Hi, we’re Ken and Andi, sixty-somethings who are beginning very different bucket lists.
We’ve been married since the ’70s, have three children and three grandchildren. A few years ago serious health issues forced Ken’s early retirement, so we’re navigating and building a new way of life for ourselves. It’s been a great challenge but we’ve been through worse.
We are polar opposites. Ken loves ocean cruises, I like cultural immersion and travel to villages and unusual places. Ken loves everything mechanical, I love the earth, soil, growing a garden and have always wanted chickens. Ken is in bliss tinkering with old cars, fixing and building things. Ken is on board to build the Versailles of coops for me, so I’m on board for the John Deere tractor and the next adventure for the dreamer and the doer.
Update: October 2016:
After looking into various types of coops we decided the shed conversion was the way to go. I wanted a coop I could walk into like the ones I grew up with on my Grandfather’s farm and our New Zealand home. Ken agreed, he wanted to tweak, not buy a coop kit. Luckily in Florida, sheds replace basements for storage, so they’re not hard to come by. After acquiring the perfect little base shed, we began our conversion. To date, we have converted two coops and a barn into our little farm complex. Our coops can hold up to fifty chickens each, but we have fewer. The coops are a little different but they both have two wings each and a shared open courtyard for the chickens to free-range outside their covered thirty-six foot runs. We’ve also built a deck in front of the barn so we can enjoy our morning coffee listening to noisy hens crowing their laying songs. Update: We now have a super coop and a broody shed to raise baby chicks!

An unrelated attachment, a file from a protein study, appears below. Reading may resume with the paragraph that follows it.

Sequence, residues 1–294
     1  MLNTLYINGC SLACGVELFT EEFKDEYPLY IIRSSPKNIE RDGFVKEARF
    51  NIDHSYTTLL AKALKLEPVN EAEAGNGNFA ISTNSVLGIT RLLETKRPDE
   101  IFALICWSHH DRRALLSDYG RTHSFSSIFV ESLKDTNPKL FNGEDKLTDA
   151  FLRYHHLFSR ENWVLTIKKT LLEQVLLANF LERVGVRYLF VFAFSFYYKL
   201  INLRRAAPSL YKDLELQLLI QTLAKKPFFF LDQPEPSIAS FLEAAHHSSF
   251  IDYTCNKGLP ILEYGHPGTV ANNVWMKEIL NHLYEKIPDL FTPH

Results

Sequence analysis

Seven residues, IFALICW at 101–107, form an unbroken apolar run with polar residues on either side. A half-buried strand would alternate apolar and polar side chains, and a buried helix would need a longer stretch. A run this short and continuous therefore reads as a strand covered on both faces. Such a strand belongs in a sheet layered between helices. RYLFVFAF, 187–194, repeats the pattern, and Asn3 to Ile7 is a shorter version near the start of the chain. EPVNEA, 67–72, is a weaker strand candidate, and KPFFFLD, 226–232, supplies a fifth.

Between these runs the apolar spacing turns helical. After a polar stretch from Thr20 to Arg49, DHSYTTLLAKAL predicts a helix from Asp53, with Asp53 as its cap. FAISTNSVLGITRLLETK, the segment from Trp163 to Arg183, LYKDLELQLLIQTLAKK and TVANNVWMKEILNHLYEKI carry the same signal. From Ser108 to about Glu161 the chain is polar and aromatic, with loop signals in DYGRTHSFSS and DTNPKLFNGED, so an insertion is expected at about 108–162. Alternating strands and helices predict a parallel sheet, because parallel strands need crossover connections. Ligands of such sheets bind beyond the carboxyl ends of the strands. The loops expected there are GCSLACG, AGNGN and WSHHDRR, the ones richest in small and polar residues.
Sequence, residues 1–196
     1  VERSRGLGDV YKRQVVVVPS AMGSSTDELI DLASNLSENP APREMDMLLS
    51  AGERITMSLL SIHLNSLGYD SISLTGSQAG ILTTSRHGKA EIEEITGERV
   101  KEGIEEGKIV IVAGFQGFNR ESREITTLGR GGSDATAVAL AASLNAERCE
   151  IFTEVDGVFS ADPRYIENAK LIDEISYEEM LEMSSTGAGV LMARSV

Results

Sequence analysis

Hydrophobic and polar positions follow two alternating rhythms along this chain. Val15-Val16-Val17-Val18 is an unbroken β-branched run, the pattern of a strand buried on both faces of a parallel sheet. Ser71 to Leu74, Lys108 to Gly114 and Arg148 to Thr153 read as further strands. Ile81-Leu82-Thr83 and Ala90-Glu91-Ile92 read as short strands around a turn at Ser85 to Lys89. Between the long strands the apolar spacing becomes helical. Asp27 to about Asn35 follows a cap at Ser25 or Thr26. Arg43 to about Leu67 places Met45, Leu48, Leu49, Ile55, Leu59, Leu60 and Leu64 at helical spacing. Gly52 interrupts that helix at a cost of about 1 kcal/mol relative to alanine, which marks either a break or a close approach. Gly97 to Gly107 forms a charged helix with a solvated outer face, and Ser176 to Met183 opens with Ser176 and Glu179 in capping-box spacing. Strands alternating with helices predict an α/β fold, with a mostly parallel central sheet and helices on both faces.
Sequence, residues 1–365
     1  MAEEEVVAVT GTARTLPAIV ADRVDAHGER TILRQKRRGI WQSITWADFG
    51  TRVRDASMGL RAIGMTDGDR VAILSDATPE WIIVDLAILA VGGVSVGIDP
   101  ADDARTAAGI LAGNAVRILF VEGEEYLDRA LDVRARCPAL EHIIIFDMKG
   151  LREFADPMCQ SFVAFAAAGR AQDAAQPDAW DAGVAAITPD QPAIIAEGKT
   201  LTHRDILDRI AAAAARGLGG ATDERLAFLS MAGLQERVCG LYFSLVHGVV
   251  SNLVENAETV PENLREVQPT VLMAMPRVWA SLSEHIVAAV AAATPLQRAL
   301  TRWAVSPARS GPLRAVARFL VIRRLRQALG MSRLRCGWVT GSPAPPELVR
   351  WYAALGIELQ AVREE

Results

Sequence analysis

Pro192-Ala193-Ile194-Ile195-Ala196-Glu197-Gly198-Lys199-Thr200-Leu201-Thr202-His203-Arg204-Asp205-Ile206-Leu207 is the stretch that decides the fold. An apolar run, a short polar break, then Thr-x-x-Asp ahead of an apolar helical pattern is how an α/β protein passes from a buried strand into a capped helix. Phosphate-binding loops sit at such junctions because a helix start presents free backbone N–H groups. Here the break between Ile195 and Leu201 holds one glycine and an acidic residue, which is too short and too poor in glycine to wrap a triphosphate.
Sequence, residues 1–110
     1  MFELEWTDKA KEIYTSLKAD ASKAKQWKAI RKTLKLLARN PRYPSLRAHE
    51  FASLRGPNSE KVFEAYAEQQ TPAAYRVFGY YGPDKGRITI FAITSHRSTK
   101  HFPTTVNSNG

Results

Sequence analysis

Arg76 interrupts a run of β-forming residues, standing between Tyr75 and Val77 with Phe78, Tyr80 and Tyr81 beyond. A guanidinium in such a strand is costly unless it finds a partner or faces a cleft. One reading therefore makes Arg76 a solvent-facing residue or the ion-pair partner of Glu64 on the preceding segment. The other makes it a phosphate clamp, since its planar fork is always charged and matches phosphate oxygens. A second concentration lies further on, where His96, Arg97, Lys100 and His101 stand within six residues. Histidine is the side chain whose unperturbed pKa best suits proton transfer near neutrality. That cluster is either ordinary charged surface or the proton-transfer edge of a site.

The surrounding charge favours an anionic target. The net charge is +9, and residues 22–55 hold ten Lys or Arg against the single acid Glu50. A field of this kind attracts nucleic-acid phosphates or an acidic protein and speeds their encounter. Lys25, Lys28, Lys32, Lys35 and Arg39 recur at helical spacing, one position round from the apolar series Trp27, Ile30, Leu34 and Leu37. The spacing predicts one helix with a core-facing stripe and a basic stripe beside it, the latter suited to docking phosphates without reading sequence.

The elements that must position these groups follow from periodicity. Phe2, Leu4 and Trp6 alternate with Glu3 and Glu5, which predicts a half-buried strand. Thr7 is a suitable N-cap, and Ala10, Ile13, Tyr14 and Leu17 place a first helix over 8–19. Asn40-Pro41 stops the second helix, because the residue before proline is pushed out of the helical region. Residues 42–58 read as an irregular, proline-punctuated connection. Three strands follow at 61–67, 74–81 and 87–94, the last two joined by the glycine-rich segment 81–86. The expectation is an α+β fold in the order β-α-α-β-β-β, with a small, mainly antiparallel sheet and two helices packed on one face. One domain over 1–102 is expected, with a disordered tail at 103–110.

The garden is more challenging, the property was a citrus orchard years ago. My best luck so far was with large pots on concrete. We’ve had raised beds in Chicago made of cedar and railroad ties since the late ’70s, but Florida’s climate called for materials less prone to rot and easier to get. Luckily there are many ideas on Pinterest, one in particular from Blueberry Hill Crafting which I admired. We could use the cutoffs and galvanized sheeting left over from the run construction. The garden will be a combination of raised galvanized beds, trellises, and large pots, and of course in-ground planting for the chickens.
This is a dream come true for me, but also a new lease on life for Ken. We will be eternally grateful for the caring, efficient, life-saving first responders who are linked to Engine 27 in Valrico Florida, you have saved our lives (a few times) and this adventure could not be possible without you.